Renovating your high street shop is an important process, one that is fundamental to continued retail success. This is because, in the same way that customers come to expect innovation within products and services, they additionally expect the same from a retailer’s branding and interior design.
High street stores maintain and gain popularity from customers for both the utility and style that they bring to the area. If a shop falls behind, whether, with outdated branding or stagnant retail design, they will soon being to lose custom and support. As such, it is important that retailers incorporate redesigns and renovation into the life-cycle of their high street shops.
Renovations are often avoided due to the impact they can have upon sales, especially when the undertaking requires the closure of a department or entire store. While the benefits that arise from a shop renovation are likely to outweigh the potential impact on custom, it is important that retailers plan ahead and thoroughly.
Planning ahead ensures deadlines are clearly defined and that trusted suppliers and contractors are aware of the schedule, preventing unforeseen extensions and disruption.
Even high-quality products are quickly undermined by ill-considered shop furniture and display assets, which is why renovations are essential for a store’s success. Not only can well-designed retail shelves and stand offs that support the impression a product makes upon customers but they can even elevate its quality and value through association.
Build Upon Feedback
Shop renovations aren’t solely a way for brands to reinvigorate their aesthetics. They also allow a retail space to improve its accessibility and functionality. Before engaging in a renovation, it is important to seek feedback from both staff and customers, seeking to gain insight into how the shop space is perceived.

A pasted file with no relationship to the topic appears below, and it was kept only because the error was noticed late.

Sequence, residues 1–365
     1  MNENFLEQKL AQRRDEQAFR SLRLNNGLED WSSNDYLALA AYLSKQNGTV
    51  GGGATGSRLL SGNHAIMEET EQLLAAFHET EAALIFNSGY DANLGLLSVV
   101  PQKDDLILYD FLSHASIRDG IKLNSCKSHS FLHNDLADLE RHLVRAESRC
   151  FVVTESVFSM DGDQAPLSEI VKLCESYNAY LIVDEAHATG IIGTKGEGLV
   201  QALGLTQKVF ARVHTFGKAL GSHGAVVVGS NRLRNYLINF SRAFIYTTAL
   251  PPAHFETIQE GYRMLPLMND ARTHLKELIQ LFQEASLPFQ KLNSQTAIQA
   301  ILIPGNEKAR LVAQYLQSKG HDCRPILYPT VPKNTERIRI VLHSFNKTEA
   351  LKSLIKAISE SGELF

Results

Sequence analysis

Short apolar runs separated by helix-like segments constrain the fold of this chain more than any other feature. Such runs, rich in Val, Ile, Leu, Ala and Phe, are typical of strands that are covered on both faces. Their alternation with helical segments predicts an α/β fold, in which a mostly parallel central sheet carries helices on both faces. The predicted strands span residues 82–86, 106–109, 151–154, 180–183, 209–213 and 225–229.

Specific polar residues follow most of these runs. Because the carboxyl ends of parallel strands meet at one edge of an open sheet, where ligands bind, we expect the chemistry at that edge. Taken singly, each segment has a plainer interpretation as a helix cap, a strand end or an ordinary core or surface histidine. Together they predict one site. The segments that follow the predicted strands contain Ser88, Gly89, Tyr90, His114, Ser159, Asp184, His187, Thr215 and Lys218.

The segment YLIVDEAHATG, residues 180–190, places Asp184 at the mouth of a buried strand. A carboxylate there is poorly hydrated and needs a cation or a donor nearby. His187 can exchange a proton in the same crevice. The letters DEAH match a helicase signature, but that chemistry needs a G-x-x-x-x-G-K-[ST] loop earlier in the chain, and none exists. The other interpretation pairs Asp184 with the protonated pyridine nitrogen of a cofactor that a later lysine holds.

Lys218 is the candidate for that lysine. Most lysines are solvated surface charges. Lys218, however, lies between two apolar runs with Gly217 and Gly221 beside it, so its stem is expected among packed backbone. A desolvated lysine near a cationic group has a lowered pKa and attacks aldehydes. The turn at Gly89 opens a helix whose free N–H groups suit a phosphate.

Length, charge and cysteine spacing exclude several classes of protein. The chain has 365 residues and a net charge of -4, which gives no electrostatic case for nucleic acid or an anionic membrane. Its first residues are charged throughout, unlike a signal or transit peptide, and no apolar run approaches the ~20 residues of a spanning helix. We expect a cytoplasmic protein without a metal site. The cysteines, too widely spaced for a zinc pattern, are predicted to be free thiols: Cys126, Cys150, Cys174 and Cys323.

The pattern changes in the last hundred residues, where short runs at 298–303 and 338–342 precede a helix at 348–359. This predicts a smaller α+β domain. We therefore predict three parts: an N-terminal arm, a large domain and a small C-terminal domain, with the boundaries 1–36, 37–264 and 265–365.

It may be that certain areas of the shop are less frequented due to low visibility or that a checkout area is hard to find because of obstructing displays. These issues can, and should, be addressed when refitting a high street store.
Shop spaces are not free from risk and both employees and customers should be kept safe when interacting with products. If there are outstanding issues that appear on a risk assessment, a renovation could be the ideal time to resolve them. Additionally, as new designs are installed and different retail furniture assets are introduced, risk assessments should be updated to ensure that stylish elements don’t compromise the safety of those inside the store.
Renovations should not only consider the present but also the future. This means laying the foundations for future considerations, even if they do not yet exist. Modular design, for example, allows retailers to adapt their stores to various products and seasons, ensuring that spaces remain adaptable to future changes.
Alternatively, futureproofing can occur in the form of wiring and rethinking the technology supported by retail space. If a checkout area is to become mobile or gadgets are to be introduced to shop space, a store’s design should enable this early on so as to prevent the need to later undo construction work.